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Are you Covid weary? Faulk wants to hear from you

Stressed out. Anxious. Worried. Boca’s Faulk Center for Counseling has been busier than ever helping people cope. Faulk’s clinical and training director Dr. Holly S. Katz describes what Faulk is doing and can do for you.

Q: What can you do if people can’t come to the center on Boca Rio Road?

A: We very quickly transitioned to Telehealth services. We haven’t stopped since the middle of March.

Q: Is this number 561-483-5300 that’s on Faulk’s web site the best way to reach you?

A: People can call for their initial appoint. They will receive a call from the clinician for more details to set up the initial Telehealth appointment. Clients can receive and return the intake paperwork via email, so there’s no need to come in person.

Q: What exact services are you able to provide now?

A: Individual and family therapy, group therapy and some support group services. And check-in telephone calls to seniors.

Q: How do you do help families?

A: This includes couples therapy. Sometimes, one individual may join the session from individual rooms in the same house. Sometimes we have a family sitting together in front of one computer.

Q: What’s the seniors call-in?

A: A new check-in call for seniors is free for seniors who want to have a phone call with someone with mental health training. They get a phone call at least once a week. This is to target loneliness and isolation.

Q: You’re known for support groups. Which ones can you still do?

A: Support groups do not require an initial evaluation. We have two: Staying Connected is a combined group of previous support group clients that came together via Telehealth. They want to stay connected. The support group for new clients called New Connections is for anybody wanting to have the opportunity for social support through this unprecedented time in our history. Both are for 18 years and older.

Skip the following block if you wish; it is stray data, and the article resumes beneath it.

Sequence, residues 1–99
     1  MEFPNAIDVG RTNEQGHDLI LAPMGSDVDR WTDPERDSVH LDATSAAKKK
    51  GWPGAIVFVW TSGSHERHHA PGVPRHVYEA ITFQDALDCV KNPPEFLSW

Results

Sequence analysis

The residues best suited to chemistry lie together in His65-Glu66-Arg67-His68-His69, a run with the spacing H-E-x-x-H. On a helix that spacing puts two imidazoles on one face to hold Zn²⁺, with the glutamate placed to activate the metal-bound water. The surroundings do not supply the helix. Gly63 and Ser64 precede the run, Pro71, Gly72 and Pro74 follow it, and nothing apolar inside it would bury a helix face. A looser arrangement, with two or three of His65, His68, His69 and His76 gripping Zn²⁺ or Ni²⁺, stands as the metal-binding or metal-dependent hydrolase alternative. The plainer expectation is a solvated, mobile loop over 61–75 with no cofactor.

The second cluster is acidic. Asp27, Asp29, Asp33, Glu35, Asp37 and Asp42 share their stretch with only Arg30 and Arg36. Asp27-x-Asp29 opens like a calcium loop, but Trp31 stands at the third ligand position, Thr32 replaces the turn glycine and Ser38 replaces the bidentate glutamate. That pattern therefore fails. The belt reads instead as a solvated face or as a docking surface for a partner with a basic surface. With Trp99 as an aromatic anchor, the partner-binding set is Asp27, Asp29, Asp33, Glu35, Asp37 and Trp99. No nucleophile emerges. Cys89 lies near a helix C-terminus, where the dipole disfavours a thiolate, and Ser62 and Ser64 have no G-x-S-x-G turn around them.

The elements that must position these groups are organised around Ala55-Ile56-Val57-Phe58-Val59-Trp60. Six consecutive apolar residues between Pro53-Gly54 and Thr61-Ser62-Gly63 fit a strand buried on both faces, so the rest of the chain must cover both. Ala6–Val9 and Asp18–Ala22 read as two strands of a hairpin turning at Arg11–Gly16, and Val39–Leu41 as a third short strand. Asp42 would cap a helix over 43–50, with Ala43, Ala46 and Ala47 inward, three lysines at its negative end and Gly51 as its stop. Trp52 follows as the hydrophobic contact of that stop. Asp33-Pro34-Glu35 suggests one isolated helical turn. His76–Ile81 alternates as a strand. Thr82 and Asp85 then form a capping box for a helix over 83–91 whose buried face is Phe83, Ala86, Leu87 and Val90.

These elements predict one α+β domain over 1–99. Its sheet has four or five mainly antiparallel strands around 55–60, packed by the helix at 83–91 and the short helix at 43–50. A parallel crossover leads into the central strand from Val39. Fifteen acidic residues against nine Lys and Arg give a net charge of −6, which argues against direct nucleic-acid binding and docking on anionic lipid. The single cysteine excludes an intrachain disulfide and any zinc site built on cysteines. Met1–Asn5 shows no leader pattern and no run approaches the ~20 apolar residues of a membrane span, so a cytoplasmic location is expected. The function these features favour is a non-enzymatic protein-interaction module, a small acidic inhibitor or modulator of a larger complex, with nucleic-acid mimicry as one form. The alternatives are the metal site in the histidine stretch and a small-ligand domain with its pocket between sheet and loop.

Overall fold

Q: Are therapy groups different than support groups?

A: Therapy groups require an initial evaluation for placement into one of the groups. We offer morning and evening adult therapy. Emotion regulation for learning how to manage emotions. Adult Connect for people who have some challenges forming and maintaining relationships. We have young adults for 20somethings. We have teens groups to address different needs, including a new one called Teens Coping with Covid, and one for children 7 to 10.

Q: How much does this cost?

A: Individual and family therapy is $45 a session. Initial evaluation is $55. Therapy and support groups generally run $20 to $25 a month. No one is turned away due to an inability to pay.

Q: What are clients asking for the most in this pandemic?

A: Clients are very anxious. Definitely heightened anxiety in children, teens and adults. More family friction. Parents are stressed having to balance having their kids home and working. Families are struggling. It’s concerning. People are worried about themselves and family members getting sick. Couples are both working from home. The amount of stress is unprecedented. I call it ‘Covid weary.’

Q: Are the numbers of people asking for services growing?

A: That’s why we need people to know we are here. They are afraid to get help when they need it. That’s my biggest concern. This can be done very effectively by Telehealth.

Q: Before schools closed, Faulk was providing mental health school services? How will you handle that now with Palm Beach County schools probably starting virtually?

A: We were providing groups in Palm Beach County elementary and middle schools when the district was forced to abruptly close their school buildings in March. At that time, we managed to get some of our groups transitioned to  Telehealth before the end of the school year. Children actually joined the weekly group session from their home. With the help of Palm Beach County guidance counselors, our plan is to offer those same services in the fall. Children need a safe and supportive place to express and work through their feelings. We look forward to being there to meet their social and emotional needs.

By Marci Shatzman



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